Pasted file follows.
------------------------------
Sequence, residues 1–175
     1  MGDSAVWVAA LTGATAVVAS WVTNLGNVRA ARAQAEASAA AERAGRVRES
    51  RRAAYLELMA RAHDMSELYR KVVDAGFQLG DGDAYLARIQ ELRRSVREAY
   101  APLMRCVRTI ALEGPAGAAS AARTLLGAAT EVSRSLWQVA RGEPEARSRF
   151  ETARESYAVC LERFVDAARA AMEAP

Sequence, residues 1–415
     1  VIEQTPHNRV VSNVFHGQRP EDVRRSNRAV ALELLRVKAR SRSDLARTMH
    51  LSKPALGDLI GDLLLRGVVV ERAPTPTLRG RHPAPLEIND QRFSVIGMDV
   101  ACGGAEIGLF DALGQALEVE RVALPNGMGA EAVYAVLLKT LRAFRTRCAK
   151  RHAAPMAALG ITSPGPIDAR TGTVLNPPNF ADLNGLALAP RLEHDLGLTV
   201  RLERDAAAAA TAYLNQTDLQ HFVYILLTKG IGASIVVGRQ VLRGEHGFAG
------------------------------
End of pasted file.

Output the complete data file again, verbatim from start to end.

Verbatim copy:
Sequence, residues 1–175
     1  MGDSAVWVAA LTGATAVVAS WVTNLGNVRA ARAQAEASAA AERAGRVRES
    51  RRAAYLELMA RAHDMSELYR KVVDAGFQLG DGDAYLARIQ ELRRSVREAY
   101  APLMRCVRTI ALEGPAGAAS AARTLLGAAT EVSRSLWQVA RGEPEARSRF
   151  ETARESYAVC LERFVDAARA AMEAP

Sequence, residues 1–415
     1  VIEQTPHNRV VSNVFHGQRP EDVRRSNRAV ALELLRVKAR SRSDLARTMH
    51  LSKPALGDLI GDLLLRGVVV ERAPTPTLRG RHPAPLEIND QRFSVIGMDV
   101  ACGGAEIGLF DALGQALEVE RVALPNGMGA EAVYAVLLKT LRAFRTRCAK
   151  RHAAPMAALG ITSPGPIDAR TGTVLNPPNF ADLNGLALAP RLEHDLGLTV
   201  RLERDAAAAA TAYLNQTDLQ HFVYILLTKG IGASIVVGRQ VLRGEHGFAG